Which ultimately brings this whole issue to the crux which is: is this issue a matter of ikhtilaaf saaigh/legitimate ikhtilaaf and how do we determine it to be so?

 Ahmadi says:

17.06.09 at 17:36 Actually AAA, the scholars regard it as a matter of ikhtilaf and in fact many introduce the issue by clai that there exists differences of opinion. If the scholars are referring to it as so, then it must be so.

 Muzzammil says:

17.06.09 at 21:02 Another dead, and refuted issue brought back to life; excuse for the ignorant lay who have no access to the works of the great ulama, to now think there is a genuine ikthilaaf. May allah save us.


Please spend more time on real current crisises, rather than deal with issues, that many great men of bygone have dealth with.



 Abdullah al-Hasan says:

17.06.09 at 22:15 Asslaamu Alaikum,


A reminder to the readers. I urge everyone to READ the blog post carefuly and if anyone disgarees withe points mentioned pleae cite your relevant evidences from the Qur’an and Sunnah. Thank you.



 AAA says:

17.06.09 at 23:27 Some of the scholars who strongly condemned the permissibility of music despite the fatawaa stating otherwise, when asked why they do not apply the adab of ikhtilaaf, explained that the reasoning used by the permitters is not credible and does not allow it to fall under the field of liegitimate ikhtilaaf. Again, just because a few scholars may have said something does not mean it immediately becomes a matter of legitimate ikhtilaaf. For example, the great sahabi ibn Abbas was condemned by the other sahaba because of his initial views regarding temporary marriage (br abdullah al-hasan can correct me if I’m wrong), and they did not accept it as a matter to allow disagreement on.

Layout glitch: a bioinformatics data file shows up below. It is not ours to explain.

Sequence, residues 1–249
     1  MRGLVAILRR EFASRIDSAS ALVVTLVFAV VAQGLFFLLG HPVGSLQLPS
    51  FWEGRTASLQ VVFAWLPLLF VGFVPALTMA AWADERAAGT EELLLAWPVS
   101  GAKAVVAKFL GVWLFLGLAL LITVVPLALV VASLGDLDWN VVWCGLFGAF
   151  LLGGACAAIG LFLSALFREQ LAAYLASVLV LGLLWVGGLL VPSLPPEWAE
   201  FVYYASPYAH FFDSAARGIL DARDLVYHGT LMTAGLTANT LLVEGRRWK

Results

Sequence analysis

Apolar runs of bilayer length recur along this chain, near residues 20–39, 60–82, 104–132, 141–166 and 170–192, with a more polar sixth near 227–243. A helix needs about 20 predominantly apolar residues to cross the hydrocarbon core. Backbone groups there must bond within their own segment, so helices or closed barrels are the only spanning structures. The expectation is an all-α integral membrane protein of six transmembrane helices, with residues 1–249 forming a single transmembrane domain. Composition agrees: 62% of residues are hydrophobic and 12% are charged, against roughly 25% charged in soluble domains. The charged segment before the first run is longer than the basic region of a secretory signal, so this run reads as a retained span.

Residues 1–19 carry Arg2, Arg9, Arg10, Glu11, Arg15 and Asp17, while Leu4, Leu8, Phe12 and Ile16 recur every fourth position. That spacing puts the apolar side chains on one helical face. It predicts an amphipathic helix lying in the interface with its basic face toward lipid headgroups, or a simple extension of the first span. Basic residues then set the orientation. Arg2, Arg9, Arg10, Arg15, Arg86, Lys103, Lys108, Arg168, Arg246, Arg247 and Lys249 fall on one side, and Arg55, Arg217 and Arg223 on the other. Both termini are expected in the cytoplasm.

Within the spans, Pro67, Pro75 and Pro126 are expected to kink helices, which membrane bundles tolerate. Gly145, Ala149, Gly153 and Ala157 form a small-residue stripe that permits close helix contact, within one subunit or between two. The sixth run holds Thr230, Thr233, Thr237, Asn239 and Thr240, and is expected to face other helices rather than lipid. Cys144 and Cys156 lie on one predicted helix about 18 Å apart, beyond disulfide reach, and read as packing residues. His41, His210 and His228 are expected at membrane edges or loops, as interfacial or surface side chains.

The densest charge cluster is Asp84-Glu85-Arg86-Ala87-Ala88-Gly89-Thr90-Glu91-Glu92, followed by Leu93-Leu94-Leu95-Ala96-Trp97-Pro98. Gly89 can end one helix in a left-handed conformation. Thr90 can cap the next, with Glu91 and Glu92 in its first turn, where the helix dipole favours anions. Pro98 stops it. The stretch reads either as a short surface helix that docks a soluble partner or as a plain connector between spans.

But I’m repeating myself here. The question ultimtely comes down to whether this is a matter to allow disagreement on or not. Did the ‘majority’ over the 1400 years allow ikhtilaff on this issue the way we have it today? I would be greatful if br Abdullah could clarify, as if it indeed a true matter of ikhtilaaf that is unanimously agreed by scholars (past and present) as a matter of ikhtilaaf, then we can apply the adaab of ikhtilaaf and not condemn each other etc. But if it is not, the we cannot expect everyone to accept what is not in their view a real matter of disagreement.


On a seperate note, why the sudden insistence on the ’strange’ opinion in this day and age? Like many other opinions of the pasts – vague or rare statements – that are all of a sudden being promoted as the mainstream view; e.g. the denial of the capital punishment for apostasy…

Would these be an issue if we were not under so much pressure from opponenents of islam livng in the west, and were for exampe living in a remote villae in Bangladesh or living in Makkah?

 AAA says:

17.06.09 at 23:30 And by the way, I am not implying that br Abdullah is defending the minority view (he has already stated otherwise in his post). I just wanted to learn about the ikhtilaaf question. Jazakumullahu khairan.